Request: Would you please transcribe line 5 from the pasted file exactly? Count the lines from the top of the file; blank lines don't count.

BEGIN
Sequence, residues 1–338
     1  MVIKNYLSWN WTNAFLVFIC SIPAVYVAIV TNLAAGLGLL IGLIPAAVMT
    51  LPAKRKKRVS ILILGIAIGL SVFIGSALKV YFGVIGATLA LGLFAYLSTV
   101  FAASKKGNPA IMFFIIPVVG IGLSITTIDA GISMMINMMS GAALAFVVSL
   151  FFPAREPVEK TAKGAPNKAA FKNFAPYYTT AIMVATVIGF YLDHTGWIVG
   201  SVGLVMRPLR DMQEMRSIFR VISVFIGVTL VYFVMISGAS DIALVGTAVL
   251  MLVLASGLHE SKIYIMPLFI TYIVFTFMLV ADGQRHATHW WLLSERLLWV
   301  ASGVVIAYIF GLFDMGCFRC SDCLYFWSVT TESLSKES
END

   151  FFPAREPVEK TAKGAPNKAA FKNFAPYYTT AIMVATVIGF YLDHTGWIVG